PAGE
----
For the past month or so RK has been on the move and consequently we have not had the chance to use our library or our database.
We have not even been using our laptop, as the places we have been precluded that possibility.
Consequently, and although, we thought we had seen this piece in Tsareva's book we did not want to make that association without the facts.
We did, at the time of posting this thread, email someone asking them to look it up and received a reply yesterday informing us it was, indeed, in her survey.
And as we only just came online and saw that email, as well as what is scribbled in clownland, this is why our mentioning it is somehat after the fact.
However, whether or not it was previously illustrated or not, the fact remains it is a very interesting chuval and is not a 20th century work.
Far from it.
Also, the reasons for our publishing it in this thread, and for our beliefs about it, are surely not limited to the fact we did not remember whether or not it was in Tsareva, nor were they do to the fact the gols are large.
What is clear is the reality there are no other known similar examples, nor are there any other pre-commercial period Turkmen chuvals with the secondary gol it displays.
These facts alone are significant enough to garner anyone's attention...well anyone who knows anything about historic Turkmen weaving.
It is also a distinct possibility it is not even Turkmen but rather the product of some other weaving group -- maybe Chu-Bash?
Until we can examine it in the flesh any provenance ideas are, just that, only ideas.
Obviously, the punkass comments professor clown has issued forth about our posting this thread are typical and pathetic.
What is also typical is the fact he has no ideas about this chuval.
Nor has he ever demonstrated an original idea about anything related to genuinely old rugs in his long career posing as someone who claims to possess rug knowledge.
His "collection" is airport-art ridden at best and his rug expertise couldn't fill a midget's thimball.
That's all we care to say about him but let it also be known:
The Weaving Art Museum and RugKazbah.com were not founded to "educate" anyone about Oriental Rugs, as the rug challenged professor price recently and quite erroneously claimed.
Both sites were founded to "raise appreciation for masterpiece examples of Near Eastern weavings".
While RK realizes this distinction requires intellect clearly unavailable to professor price=clown and others of his ilk to differentiate, it is an important difference worth noting.
RK is not against "educating" others, and we surely know we have done that, but neither site is, or should be considered, rug 101 or rug PhD.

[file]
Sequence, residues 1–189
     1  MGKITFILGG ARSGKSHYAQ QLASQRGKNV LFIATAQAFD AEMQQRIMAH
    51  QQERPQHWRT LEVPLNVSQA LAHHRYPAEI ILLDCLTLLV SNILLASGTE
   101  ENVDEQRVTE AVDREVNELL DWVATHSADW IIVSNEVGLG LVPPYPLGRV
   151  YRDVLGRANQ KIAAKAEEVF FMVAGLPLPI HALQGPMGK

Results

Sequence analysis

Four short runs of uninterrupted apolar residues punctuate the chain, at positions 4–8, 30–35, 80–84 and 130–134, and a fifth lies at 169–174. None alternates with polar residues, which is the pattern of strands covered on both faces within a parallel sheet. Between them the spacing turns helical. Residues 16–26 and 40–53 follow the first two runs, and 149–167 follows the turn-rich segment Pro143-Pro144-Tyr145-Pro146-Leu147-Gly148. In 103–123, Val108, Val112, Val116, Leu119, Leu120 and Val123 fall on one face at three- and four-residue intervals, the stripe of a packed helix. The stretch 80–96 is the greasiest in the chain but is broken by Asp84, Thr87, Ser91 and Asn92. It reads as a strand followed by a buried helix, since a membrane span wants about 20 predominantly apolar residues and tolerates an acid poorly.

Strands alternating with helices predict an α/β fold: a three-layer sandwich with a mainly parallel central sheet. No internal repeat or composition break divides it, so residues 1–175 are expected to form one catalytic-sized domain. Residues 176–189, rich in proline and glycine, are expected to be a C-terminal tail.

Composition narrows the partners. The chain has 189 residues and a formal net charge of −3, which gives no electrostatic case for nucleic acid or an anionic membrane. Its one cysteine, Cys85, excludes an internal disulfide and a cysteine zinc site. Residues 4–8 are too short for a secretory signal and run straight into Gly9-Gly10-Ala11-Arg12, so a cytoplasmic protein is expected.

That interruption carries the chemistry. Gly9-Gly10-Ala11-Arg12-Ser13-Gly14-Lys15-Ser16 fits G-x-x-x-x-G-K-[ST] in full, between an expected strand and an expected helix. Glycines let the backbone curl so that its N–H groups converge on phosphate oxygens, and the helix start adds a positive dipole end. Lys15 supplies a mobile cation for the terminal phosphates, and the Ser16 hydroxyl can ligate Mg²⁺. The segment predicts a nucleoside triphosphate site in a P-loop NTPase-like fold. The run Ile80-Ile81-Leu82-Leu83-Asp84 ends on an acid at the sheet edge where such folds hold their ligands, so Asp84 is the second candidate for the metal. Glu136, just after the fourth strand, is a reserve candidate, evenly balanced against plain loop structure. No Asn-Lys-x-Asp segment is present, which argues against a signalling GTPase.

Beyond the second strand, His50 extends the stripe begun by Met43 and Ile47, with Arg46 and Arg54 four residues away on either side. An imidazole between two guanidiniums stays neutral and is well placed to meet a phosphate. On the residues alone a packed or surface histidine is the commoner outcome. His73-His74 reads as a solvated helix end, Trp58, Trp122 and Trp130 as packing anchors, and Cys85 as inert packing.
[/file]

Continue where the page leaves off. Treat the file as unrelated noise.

We are interested in stimulating others to learn on their own, rather than to spoon-fed rug knowledge.
We feel presenting masterpiece examples, and clearly referencing them as such, is the best technique to accomplish that goal and our mission.
Airport-art rugs are not bad per se, they are just inferior but to miss, or ignore, that fact is, in our estimation, bad.
It is patently obvious rugdom has trouble in this regard and the myriad of reasons for this -- from lack of enough knowledge and expertise to out and out commerical bias and desires -- do not need to be discussed here. But they do need to be recognized.
A boorish pedantic clown like price, who suffers a monstrous inability to really learn anything about historic rugs, is definitely lost in the sauce and he is not alone, as he has much company.
RugKazbah and WAMRI have presented a voluminous amount of proof to demonstrate what is wrong with rugdom and also to show why steve price is the poster boy for much of this.
There is an old saying " A picture is worth a thousand words" and we offer the following one to show the absurdity of price=clown's posting this photo to support his agreement with the idea large pre-commercial period "S" group torba were ever made to be displayed on camels carrying bridal litters. This claim is far from a proven fact, nor is it even close to being so.
RK has frequently commented on the foolish idea of believing what certain Turkmen groups were doing in the late 19th century is analagous with what they, or other groups, were doing decades or centuries earlier.
This highly specious practise is rampant in certain corners of rugdom and, as far as RK is concerned, it's time it was recognized as such and stopped.
There is little doubt the indigenous cultural and economic bases of the Turkmen
societies, as well as their weavings, were changed and then destroyed by foreign contacts, which by the way were well under way in the 18th century.
Also, there is, and should be, little doubt 18th, 17th and probably 16th century and even earlier Turkmen rugs have been and are preserved in the body of remaining examples now held in public and private collections.
We realize this statement can not be proven positively but we are equally sure it will one day be far more widely recognized and appreciated.
This is one of many goals RK is working towards and, as soon as we have further funding besides opening our wallet, we are sure we will be able to take some giant steps in that direction.
Rug idiots like price, who pride themselves on their pseudo-studious and bogus academic approach, will eventually either have to agree with what avatars like RK believe or disappear off the scene.
This is something you can bet the farm on, just don't be in any hurry to receive your profits.